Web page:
• Remote assistance. Technologies enabling immediate support and guidance from remote locations.
  • Emergency response systems. Automated alerts and emergency protocols that activate when an incident is detected.
  • Safety wearables. Smart wearables that monitor vital signs and environmental conditions, alerting workers and supervisors to potential dangers.

Why Automate?

It is how automated technologies address the occupational challenges of working alone in oil and gas that justify their use and why employers must explore their application for work safety. But automation brings other benefits including the expedition of repetitive physical tasks, eliminating the risk of human error and musculoskeletal injuries. This allows the worker to focus on more important work and priorities like their safety and well-being, especially when working alone.

Automation will perform work that the employee does not need to worry about. For example, current devices can provide live monitoring, detecting toxic gases such as hydrogen sulfide (H2S) right away. Additionally, automation extends to safety monitoring procedures—such as automated check-in systems—that alert the employer or safety monitor if the worker needs emergency help.

Product Showcase

  • Matrix's OmniPro Vision AI Collision Avoidance System

    OmniPro Vision AI is a state-of-the-art collision avoidance system that features NIOSH award-winning Visual Artificial Intelligence (AI) technology. This highly accurate, powerful system identifies and alerts on pedestrians, vehicles and specified objects, ensuring safer facilities, mining operations and industrial sites. With its web-based cloud application, OmniPro Vision AI also logs and analyzes a wide range of data related to zone breach notifications. Operating without needing personal wearable devices or tags, OmniPro has visual and audible zone breach alerts for both operators and pedestrians. Read More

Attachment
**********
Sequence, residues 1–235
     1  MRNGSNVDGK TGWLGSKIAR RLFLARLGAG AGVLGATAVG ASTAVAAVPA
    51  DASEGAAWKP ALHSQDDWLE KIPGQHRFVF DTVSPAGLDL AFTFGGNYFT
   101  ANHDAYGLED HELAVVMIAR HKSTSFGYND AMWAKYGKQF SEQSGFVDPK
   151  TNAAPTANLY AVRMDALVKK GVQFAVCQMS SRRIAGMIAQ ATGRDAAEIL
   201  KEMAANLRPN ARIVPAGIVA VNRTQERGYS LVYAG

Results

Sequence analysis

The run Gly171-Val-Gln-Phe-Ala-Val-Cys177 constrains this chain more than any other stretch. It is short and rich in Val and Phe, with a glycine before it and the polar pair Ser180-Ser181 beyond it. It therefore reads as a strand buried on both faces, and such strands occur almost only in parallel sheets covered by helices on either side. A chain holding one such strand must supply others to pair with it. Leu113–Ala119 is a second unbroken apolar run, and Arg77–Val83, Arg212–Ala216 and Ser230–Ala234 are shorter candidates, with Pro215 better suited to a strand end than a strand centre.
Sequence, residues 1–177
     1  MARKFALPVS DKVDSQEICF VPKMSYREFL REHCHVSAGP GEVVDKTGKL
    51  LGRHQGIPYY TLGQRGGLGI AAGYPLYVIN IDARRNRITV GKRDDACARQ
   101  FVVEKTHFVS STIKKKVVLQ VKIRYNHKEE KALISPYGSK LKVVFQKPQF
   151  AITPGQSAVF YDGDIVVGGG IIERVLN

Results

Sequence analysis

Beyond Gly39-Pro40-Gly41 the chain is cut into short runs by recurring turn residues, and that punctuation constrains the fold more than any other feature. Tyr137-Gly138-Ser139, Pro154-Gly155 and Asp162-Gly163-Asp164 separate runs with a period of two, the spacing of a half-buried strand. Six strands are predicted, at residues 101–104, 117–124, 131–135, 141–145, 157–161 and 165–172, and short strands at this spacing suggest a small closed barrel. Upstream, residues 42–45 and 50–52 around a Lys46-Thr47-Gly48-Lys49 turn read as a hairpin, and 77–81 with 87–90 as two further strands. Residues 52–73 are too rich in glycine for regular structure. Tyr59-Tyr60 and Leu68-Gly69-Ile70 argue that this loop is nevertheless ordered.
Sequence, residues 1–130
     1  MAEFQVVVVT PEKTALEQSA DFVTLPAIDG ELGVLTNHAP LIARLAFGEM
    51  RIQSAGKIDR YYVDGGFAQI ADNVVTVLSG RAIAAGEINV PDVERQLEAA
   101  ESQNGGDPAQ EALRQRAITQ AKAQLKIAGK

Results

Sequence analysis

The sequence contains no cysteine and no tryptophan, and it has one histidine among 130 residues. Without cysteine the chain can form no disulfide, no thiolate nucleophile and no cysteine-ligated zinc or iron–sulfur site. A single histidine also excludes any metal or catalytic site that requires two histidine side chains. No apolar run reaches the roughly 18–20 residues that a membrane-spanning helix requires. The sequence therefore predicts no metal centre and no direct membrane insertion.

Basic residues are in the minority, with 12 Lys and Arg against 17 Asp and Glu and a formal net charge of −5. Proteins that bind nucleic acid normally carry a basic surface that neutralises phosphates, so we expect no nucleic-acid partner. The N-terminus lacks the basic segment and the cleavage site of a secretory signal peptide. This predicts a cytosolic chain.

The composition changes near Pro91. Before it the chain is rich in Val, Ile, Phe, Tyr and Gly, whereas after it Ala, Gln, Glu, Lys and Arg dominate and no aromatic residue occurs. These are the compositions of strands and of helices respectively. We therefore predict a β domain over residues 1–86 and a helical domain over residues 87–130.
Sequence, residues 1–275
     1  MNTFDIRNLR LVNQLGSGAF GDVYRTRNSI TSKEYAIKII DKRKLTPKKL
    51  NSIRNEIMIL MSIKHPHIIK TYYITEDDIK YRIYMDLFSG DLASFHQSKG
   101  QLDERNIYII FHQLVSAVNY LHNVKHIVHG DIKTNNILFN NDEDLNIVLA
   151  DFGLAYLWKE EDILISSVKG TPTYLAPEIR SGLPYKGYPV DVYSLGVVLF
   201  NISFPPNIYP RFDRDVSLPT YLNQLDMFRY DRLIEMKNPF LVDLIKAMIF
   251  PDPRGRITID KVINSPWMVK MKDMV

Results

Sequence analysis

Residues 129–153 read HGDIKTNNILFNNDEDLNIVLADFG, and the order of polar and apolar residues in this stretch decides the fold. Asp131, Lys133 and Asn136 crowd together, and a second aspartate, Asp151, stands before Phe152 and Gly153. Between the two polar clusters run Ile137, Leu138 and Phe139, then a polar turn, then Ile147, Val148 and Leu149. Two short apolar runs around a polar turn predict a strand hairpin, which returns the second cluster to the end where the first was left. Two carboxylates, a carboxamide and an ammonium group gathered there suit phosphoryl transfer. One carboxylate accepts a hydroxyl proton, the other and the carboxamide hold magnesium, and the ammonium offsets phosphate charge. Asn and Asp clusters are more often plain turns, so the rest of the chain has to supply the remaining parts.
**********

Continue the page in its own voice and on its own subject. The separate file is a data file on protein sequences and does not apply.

• Magid® D-ROC® GPD412 21G Ultra-Thin Polyurethane Palm Coated Work Gloves

    Magid’s 21G line is more than just a 21-gauge glove, it’s a revolutionary knitting technology paired with an advanced selection of innovative fibers to create the ultimate in lightweight cut protection. The latest offering in our 21G line provides ANSI A4 cut resistance with unparalleled dexterity and extreme comfort that no other 21-gauge glove on the market can offer! Read More

  • Preventative Heat Safety

    Dehydration and heat exposure impair physical and cognitive performance. Proper hydration boosts heat stress resilience, but hydration needs are highly individualized and hard to predict across a workforce. Connected Hydration® empowers industrial athletes to stay safe through behavioral interventions, informed by sports science, and equips safety teams with critical insights to anticipate high-risk situations and adapt to evolving environmental factors. Curious about applying the latest in sports science based hydration strategies for industrial athletes? Stop by booth #1112 at AIHA or schedule a free demo today at Read More


Artificial Intelligence